Thank you for the nice note Emma.  I took a quick look around while I was here and found your tooth under the table so I took it with me to add to my collection.  Here are a few dollars for you. Have a great day at school!

                                The Tooth Fairy

This seemed like a good idea at the time, because that way Emma wouldn’t be worried about her lost and lonely tooth. However, when I got home from work this evening I realized that maybe adding that information to the note wasn’t such a smart idea.  Emma met me at the door and told me that the tooth fairy must have found someone else’s tooth because she found her tooth in the dining room this afternoon.  She had already written a note back to the tooth fairy and taped her tooth to it so it wouldn’t get lost this time. Emma’s note said :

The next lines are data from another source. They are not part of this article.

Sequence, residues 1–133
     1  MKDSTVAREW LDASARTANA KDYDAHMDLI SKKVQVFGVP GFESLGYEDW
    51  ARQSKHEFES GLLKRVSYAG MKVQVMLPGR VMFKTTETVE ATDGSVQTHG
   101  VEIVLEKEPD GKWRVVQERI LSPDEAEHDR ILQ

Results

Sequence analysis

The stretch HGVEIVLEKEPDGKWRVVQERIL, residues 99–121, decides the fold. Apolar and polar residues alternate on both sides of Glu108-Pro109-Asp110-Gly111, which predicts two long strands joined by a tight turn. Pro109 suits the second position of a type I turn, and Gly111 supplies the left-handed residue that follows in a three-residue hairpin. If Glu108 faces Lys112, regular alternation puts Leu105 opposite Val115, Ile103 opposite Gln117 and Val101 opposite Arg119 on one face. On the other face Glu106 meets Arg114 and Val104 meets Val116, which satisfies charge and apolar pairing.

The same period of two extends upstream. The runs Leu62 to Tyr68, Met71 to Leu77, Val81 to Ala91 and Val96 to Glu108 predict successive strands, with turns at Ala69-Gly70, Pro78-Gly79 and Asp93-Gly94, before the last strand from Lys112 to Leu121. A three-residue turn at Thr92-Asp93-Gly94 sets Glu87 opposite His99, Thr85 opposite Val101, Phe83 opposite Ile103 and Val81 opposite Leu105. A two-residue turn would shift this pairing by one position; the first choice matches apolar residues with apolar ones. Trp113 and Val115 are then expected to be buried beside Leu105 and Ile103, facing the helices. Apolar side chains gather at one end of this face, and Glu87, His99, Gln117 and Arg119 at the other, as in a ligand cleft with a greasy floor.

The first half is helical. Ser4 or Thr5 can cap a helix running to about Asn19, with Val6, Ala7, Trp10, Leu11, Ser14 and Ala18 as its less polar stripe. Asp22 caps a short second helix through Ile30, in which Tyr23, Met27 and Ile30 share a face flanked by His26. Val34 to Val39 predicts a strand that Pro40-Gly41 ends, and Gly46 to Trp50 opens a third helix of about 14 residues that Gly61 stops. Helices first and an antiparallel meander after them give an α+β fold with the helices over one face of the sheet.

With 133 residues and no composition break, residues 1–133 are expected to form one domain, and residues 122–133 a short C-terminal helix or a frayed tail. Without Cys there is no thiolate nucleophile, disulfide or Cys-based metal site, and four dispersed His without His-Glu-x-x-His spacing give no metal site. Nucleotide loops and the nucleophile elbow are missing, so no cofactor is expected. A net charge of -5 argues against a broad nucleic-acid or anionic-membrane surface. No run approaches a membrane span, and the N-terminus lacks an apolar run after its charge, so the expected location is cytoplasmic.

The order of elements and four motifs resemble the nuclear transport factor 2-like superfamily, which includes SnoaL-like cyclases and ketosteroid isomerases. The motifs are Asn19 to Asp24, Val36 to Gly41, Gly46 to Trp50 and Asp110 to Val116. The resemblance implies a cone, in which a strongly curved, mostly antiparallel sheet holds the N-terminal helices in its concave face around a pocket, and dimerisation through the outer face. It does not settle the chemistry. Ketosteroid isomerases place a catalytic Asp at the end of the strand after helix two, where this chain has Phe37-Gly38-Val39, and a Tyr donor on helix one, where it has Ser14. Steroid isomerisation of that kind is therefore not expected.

Dear Tooth Fairy,

I think you mistook someones tooth because this is my tooth


(she had also drawn an arrow pointing down to her tooth taped to the paper)


Emma didn’t seem too concerned or even accuse The Tooth Fairy of lying. She is the one who came up with the idea that The Tooth Fairy must have found someone else’s tooth and “mistook” it.  She also told me that although she was leaving her tooth under her pillow with a note she did not expect to get paid again since that wouldn’t be fair.  She just wanted to make sure to get her tooth to The Tooth Fairy so there wouldn’t be any confusion.  Ethan wasn’t so sure about her honesty and suggested that maybe he should leave the tooth under his pillow and see if The Tooth Fairy would leave him money.  Nice try Ethan!